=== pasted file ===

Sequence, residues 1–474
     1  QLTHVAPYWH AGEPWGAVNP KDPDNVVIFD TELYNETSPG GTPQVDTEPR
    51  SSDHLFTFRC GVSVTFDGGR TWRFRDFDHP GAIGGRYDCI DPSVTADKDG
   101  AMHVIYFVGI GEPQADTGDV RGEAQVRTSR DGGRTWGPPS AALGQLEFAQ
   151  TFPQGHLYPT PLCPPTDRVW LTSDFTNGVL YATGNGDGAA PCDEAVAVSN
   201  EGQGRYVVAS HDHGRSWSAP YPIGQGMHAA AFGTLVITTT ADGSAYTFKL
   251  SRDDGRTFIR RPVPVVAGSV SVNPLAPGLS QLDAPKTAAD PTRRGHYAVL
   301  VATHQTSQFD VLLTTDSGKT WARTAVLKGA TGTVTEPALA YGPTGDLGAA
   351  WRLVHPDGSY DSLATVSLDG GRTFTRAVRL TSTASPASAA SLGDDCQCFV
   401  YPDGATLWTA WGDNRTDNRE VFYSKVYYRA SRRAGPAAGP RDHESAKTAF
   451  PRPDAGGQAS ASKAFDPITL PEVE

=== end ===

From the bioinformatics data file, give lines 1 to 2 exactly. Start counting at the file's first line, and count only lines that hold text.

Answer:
Sequence, residues 1–474
     1  QLTHVAPYWH AGEPWGAVNP KDPDNVVIFD TELYNETSPG GTPQVDTEPR